With all the hype and excitement surrounding the Wesbank Car of the Year competition it is easy to overlook the achievements of the individuals in motorsport, and the Guild of Motoring Journalists, with sponsor Bridgestone, annually hand out a Motor Sportsman of the Year award.
The incumbent for 2012 (following the announcement on Tuesday) is Leeroy Poulter, who drives a rally car for Toyota and who burst on the scene in 2010 and moved up to the premier S2000 class last year and ended the season as the top-seeded driver. It came as no surprise to many, and Leeroy has been a star from the moment he first sat behind a wheel. He’s so naturally gifted, it is almost freaky.
Another award handed out at the event is the Colin Watling Award for special achievement in motor sport by someone other than a competitor. The winner of this was the Kyalami Marshals’ Association, a small core of volunteers who tirelessly support motor sport. They are true unsung heroes, spending days in the sun so that the guys in the cars and on the bikes can rest assured that they will be assisted as quickly as possible if something does go wrong. It is not only at Kyalami where they are active; the same people work at other circuits and on rallies and off road races, helping out where they can for no other reason than their dedication to motor sport.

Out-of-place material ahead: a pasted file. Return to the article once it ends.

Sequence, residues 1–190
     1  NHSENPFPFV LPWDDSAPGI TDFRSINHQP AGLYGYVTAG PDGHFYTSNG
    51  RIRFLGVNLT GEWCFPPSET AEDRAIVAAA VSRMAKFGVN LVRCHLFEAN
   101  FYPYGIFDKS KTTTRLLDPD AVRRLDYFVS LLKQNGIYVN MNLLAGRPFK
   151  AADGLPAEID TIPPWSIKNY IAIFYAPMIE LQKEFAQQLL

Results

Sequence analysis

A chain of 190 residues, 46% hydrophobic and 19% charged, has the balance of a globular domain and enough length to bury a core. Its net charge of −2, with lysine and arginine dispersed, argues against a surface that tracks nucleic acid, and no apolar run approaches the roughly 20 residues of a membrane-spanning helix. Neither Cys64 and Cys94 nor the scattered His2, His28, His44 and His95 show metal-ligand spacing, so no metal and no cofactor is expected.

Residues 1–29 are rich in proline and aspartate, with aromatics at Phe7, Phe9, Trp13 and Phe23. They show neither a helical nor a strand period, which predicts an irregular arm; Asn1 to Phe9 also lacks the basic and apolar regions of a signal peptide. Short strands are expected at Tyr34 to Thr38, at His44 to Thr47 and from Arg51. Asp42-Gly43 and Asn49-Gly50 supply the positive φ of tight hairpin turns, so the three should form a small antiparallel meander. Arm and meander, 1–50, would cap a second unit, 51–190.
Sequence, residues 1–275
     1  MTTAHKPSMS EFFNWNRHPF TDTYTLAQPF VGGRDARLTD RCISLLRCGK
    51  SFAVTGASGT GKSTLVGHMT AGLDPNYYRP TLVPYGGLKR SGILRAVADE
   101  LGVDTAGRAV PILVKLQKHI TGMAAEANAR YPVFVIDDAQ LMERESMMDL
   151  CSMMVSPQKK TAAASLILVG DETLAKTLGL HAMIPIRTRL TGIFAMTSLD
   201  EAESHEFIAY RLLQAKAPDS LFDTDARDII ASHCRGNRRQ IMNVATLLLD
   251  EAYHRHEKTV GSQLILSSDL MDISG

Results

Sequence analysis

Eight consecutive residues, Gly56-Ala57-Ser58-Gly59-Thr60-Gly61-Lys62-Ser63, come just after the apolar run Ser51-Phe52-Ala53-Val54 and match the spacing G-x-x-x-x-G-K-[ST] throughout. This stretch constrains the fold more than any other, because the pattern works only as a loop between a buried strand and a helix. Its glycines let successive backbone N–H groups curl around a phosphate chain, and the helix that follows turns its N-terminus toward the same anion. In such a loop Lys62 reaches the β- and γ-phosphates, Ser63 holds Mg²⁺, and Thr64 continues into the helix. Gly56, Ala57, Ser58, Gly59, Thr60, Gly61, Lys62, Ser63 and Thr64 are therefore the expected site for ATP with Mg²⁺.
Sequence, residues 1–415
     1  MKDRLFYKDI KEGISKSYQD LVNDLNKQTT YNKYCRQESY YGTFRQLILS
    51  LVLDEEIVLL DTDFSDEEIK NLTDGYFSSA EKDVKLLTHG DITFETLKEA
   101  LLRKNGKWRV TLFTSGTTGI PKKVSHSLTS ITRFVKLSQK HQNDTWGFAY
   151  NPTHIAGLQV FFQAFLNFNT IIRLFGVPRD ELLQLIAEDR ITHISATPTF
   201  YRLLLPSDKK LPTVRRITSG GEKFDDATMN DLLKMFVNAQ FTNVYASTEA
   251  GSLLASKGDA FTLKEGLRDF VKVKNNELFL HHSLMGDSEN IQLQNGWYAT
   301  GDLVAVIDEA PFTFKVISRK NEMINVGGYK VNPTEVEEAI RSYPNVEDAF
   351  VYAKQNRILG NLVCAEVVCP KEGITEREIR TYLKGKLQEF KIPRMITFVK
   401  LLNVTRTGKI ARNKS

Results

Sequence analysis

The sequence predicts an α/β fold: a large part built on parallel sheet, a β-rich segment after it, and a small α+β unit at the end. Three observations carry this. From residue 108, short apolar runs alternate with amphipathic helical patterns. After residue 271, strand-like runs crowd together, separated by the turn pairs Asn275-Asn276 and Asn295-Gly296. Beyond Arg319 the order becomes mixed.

But one of the most interesting nominations for the Colin Watling award (Colin was an immensely talented and popular motoring and motorsport photographer who died in 1999) was Yoshyiaki Nakamura, CEO of Honda South Africa, who has promoted and supported the South African Motorcycle Riding Academy, a school that uses Honda’s NSF100 for instruction and racing by youngsters of all races and genders from 8 to 13 years old. Low-key and understated, Nakamura is a highly capable motorcycle racer himself, with quite a pedigree.
Thanks to organisations such as the KMA and individuals like Nakamura-san, motorsport in South Africa can be proud of itself.